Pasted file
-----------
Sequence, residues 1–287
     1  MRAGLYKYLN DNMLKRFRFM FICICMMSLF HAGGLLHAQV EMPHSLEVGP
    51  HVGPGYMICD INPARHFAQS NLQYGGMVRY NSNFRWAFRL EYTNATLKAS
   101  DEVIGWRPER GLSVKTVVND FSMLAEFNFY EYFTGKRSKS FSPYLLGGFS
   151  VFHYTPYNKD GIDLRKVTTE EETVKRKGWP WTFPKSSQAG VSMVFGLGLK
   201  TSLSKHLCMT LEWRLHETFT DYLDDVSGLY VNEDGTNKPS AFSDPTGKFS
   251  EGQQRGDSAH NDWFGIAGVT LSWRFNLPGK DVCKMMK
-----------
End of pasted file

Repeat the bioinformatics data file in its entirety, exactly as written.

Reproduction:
Sequence, residues 1–287
     1  MRAGLYKYLN DNMLKRFRFM FICICMMSLF HAGGLLHAQV EMPHSLEVGP
    51  HVGPGYMICD INPARHFAQS NLQYGGMVRY NSNFRWAFRL EYTNATLKAS
   101  DEVIGWRPER GLSVKTVVND FSMLAEFNFY EYFTGKRSKS FSPYLLGGFS
   151  VFHYTPYNKD GIDLRKVTTE EETVKRKGWP WTFPKSSQAG VSMVFGLGLK
   201  TSLSKHLCMT LEWRLHETFT DYLDDVSGLY VNEDGTNKPS AFSDPTGKFS
   251  EGQQRGDSAH NDWFGIAGVT LSWRFNLPGK DVCKMMK